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Church of the Ascension,
Church of England, Diocese
The church started as a chapel in the late 17th century. Its
benefactress was Susannah Graham, the second daughter of Sir
William Washington, an ancestor of George Washington, the first
president of the United States. As it was not a parish church,
it was linked with St Mary’s in Lewisham. Eventually it became
an independent parish on Ascension Day, 3 May 1883, but not
without squabbles and misunderstandings about money (plus
ça change, plus c'est la même chose, as they
say in French). The building has a modest exterior, with small
cupola. The inside is quite big, square, and painted in pale
beige. The nave was damaged during World War II but was restored
The parish has long been in the forefront of change. Toward
the turn of the 20th century they gave their support to district
visitors (we call them social workers now), who made their rounds
in the poorer sections of the parish. In the 1960s and 70s the
church was open round the clock for prayer, meditation and shelter.
In 1994, Elsie Baker, a deacon at Ascension since 1968, was
one of the first women to be ordained a priest in the Church
of England at age 85! The parish sponsors several outreach
programmes, including the Wash House, a youth club; and Friends
of the Ascension, for people who are interested in the building
but are not regulars at the church. There is also a Guide troupe.
The church is located on the edge of Blackheath, a very affluent
area of southeast London. It is near the edge of Lewisham, which
is a more working-class area. The area itself is known for being
quite artistic, with Goldsmiths' College in nearby Lewisham,
and Trinity College of Music in Greenwich. Blackheath itself
sports a conservatoire and a concert hall, as well as several
very good pubs and curry houses!
This Sunday, the church had done a vicar swap with St John with
Holy Trinity, Deptford. The usual vicar, a popular chap according
to the person I was chatting with afterward, was at that church,
and their vicar, the Revd Christine Bainbridge, was leading
the service here today.
The date & time:
Sunday, 13 June 2010, 10.30am.
What was the name of the service?
How full was the building?
At 10.30 it looked fairly empty. One of the congregation described
this as a very liberal church, a sentiment that obviously extends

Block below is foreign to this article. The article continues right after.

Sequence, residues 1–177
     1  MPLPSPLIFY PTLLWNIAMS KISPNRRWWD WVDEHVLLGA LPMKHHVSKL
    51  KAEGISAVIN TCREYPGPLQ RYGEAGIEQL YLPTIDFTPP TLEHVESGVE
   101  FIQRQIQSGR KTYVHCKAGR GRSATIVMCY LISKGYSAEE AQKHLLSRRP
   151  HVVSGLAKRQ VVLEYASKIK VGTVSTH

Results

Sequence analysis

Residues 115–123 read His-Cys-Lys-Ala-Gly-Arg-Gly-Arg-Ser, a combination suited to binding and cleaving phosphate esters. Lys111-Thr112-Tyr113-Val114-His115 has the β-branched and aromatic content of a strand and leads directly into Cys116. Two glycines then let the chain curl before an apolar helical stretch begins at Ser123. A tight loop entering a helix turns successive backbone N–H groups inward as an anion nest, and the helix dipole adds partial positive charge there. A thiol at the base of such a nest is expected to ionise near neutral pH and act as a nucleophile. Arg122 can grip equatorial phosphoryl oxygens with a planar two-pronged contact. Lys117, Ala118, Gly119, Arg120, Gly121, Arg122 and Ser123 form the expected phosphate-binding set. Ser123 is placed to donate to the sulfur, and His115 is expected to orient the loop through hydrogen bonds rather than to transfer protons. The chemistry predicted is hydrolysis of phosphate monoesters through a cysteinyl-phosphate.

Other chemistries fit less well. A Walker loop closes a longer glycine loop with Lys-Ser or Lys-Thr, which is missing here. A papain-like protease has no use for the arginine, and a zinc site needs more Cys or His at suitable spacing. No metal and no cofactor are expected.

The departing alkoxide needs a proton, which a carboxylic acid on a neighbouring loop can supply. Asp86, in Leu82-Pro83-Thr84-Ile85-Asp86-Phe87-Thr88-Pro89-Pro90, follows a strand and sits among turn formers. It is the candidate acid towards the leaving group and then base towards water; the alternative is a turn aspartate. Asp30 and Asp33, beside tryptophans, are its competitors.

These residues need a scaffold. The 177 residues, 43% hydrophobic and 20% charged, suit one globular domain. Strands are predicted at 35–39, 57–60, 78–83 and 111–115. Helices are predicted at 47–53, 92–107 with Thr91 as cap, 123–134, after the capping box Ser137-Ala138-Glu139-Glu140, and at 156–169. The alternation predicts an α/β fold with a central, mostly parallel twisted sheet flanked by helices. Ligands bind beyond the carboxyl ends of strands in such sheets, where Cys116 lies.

to timekeeping! A number of people came in just after 10.30.
Fortunately, the service catered for these people, and kicked
off at 10.35! I would estimate there were about 25-30 during
the majority of the service, and the church looked quite empty.
Don't ask me why, but the beige colour scheme made it feel even
emptier! Toward the end of the service, the children came back
from Sunday school along with a number of adults who'd been
helping. That helped to swell the ranks to around 50.
Did anyone welcome you personally?
Yes. I was handed a service sheet and book by a sidesman. Once
Mrs Charles and I had sat down, four or five other people came
up to us to welcome us to the church and enquire as to whence
Was your pew comfortable?
I've sat on nicer ones. The back was too upright. I found the
back too low, although Mrs Charles didn't. I like to sit back
a little for the sermon, which wasn't really possible.
How would you describe the pre-service
Chatty and lively. It was a lovely sunny morning, and it seemed
fitting for the atmosphere of the building.
What were the exact opening words of the
Spoken by a nice Indian gentleman rather than the priest: "Good
morning, everyone, and welcome to Church of the Ascension. I
will shortly read the collect, after which there will be a few
What books did the congregation use during the
We had an order of service printed by the church, a hymn book
published by the church, a calendar of the year's events, and
a notice sheet. There were no Bibles in the pews.
What musical instruments were played?
An organ, which Mrs C, being an organist, tells me sounded quite
new and quite nice. The organist was very good, although he
blotted his copy book by knocking the keyboard during the eucharistic
prayer! He also played the piano during the Agnus Dei, with
his wife singing (but read on!).
Did anything distract you?
At communion I was toward the end of the queue, and the two
chalices from which the wine was ministered still appeared quite